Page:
Who Would Want to Associate with Someone Whose Entire Future is a Series of Question Marks?

The other day I was feeling down. Not just a normal down, but a MAJOR down that I don’t feel very often. I was frustrated. I had been having one of the worst blood sugar days since diagnosis full of rapid spikes and rapid drops, and the combination of that plus hormones plus stress was not a good mix.


I’ve always had a a wide social circle. It’s one of the benefits/downfalls of being “an introvert with an extroverted personality” (Read about that here). But over the years due to different reasons, my circle has shrunk. And it feels like since diagnosis and especially since I became a diabetes advocate, I’ve become distant from nearly everyone.


Just because I’m bionic doesn’t mean I’m not still human. It doesn’t mean I don’t need support too. I try to be strong but I’m far from it most days.

Musing in between lows, I tweeted the title of this post. Why? Because it’s a valid thought and an honest observation. When someone goes through something that is just too difficult to understand or deal with, the [unfortunate] normal human response is to pull away. Self preservation? Probably..

I mean, I get it. Diabetes is flippin scary. A lot of diseases and disorders are scary, and it would probably be difficult to be friends with someone who could be alive and “fine” one day and not wake up the next. That is hard for me to imagine and I’m the one that could not be here tomorrow. But that doesn’t mean that I don’t need love and support too.

So love a diabetic today. They might need that little extra boost of love and support more than you realize.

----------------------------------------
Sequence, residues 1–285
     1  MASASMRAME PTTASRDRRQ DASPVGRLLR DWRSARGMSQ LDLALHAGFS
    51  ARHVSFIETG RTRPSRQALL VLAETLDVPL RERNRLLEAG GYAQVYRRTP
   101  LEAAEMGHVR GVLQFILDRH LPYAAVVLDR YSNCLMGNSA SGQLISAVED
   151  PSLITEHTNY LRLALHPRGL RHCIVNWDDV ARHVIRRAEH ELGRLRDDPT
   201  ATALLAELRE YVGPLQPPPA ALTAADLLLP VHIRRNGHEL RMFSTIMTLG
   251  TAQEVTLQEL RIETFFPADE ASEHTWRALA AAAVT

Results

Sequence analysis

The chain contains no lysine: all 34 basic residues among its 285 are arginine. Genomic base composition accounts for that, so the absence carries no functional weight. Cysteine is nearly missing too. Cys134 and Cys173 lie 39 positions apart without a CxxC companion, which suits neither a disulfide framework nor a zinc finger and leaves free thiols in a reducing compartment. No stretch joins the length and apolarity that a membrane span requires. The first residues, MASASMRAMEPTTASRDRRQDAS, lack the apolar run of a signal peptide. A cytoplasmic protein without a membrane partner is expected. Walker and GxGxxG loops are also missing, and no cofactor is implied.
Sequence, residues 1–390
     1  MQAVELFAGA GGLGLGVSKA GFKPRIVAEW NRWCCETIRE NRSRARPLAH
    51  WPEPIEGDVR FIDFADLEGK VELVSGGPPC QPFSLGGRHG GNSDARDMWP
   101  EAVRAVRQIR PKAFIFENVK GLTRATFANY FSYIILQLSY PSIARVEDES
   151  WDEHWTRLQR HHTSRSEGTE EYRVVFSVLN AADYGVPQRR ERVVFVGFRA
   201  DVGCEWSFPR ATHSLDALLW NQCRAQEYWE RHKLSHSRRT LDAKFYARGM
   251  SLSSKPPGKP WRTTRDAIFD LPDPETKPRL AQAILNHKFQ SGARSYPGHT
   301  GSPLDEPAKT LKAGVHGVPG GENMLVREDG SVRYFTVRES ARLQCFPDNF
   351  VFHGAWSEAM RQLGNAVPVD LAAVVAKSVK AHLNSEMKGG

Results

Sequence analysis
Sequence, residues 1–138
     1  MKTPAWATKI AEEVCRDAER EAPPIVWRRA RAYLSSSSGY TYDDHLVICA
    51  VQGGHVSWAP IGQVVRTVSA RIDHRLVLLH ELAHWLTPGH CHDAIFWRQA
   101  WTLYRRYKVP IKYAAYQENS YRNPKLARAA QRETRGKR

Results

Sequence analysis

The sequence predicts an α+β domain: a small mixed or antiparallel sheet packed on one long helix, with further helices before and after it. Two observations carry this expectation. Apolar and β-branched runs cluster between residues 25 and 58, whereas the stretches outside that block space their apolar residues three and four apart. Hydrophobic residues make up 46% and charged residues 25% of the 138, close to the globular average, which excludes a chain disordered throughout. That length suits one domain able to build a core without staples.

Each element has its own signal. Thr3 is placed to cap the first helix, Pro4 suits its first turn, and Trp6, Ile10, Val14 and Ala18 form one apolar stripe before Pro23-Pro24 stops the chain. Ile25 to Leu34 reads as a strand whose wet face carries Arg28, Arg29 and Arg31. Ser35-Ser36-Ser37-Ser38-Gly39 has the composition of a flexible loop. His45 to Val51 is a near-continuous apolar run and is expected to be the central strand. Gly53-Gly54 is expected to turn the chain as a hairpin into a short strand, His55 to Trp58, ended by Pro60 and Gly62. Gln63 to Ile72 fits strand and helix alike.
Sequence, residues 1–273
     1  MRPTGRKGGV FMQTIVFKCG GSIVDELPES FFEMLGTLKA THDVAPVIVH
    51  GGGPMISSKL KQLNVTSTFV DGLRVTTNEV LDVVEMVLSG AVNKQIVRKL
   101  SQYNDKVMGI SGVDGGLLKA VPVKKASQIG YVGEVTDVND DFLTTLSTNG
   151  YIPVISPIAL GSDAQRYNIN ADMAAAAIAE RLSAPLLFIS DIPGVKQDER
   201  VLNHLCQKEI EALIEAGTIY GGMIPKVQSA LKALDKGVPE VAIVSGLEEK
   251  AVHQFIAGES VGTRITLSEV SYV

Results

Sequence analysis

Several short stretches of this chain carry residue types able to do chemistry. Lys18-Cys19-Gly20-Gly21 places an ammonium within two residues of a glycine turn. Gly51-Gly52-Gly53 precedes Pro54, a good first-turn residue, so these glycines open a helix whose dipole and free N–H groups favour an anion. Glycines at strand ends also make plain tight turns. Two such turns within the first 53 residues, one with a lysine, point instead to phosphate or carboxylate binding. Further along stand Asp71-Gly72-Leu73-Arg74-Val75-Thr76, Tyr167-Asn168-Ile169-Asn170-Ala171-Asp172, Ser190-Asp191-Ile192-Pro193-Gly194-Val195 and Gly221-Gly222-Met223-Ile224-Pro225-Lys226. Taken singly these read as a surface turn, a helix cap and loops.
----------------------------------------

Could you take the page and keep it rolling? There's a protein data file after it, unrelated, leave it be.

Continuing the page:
(Special thanks to my friend Amanda Arce who said the right thing at the right time in response to my tweet. Thank you!)


Filed under Support system

7 responses to “Who Would Want to Associate with Someone Whose Entire Future is a Series of Question Marks?

  1. You are too nice. 🙂 I love reading your blog & being part of your journey, even if it’s from so freakin many miles away.

  2. Andy Duecker

    You are loved and admired by many people Bug. I have people tell me all the time how impressed they are with you. They tell me what a strong and amazing girl I raised. They say what a good job I did. I say I can’t take credit for it. It is all you and the incredible person you have become.

  3. annita

    I have pulled away a bit as my MS has worsened. I want to assure everyone that all is well. I tell them I am “mentally strong”. Which is true, but certainly not the full truth. I don’t want to overshare either. It seems to be a conversation stopper sometimes. There is an awkwardness in my new reality. Just wanted you to know that I get it. I love you. And you are always in my prayers.

  4. My husband was diagnosed as a diabetic this spring. It doesn’t matter to me (as long as I know that he’s doing the best he can to manage it and take care of himself). I love him no matter what!

    Keep taking care of yourself and the important people will always be there!

  5. Days like that leave you frustrated, but also knowing who your real friends are. Hope today is better.

  6. I can surely relate. However, do remember that back before the 20s, as Type 1s, we wouldn’t be lucky enough to even be bionic, we’d just be gone. My hats off to all those T1s who didn’t even have the hope of the miracle substance of insulin to keep them going. Remember too that since that time, the average lifespan of all humans has drastically increased thanks to science. It’s not just T1s who are living longer because of technology, the whole world is affected by it. As we move on into the future, technology will play a larger and larger role. Overall what I’m saying is – you’re part of a bigger club than you may realize 🙂

  7. btw – I’m focusing mostly on the “bionic” part of your post. In terms of the bad days – definitely the suckiest part of being a T1 😦

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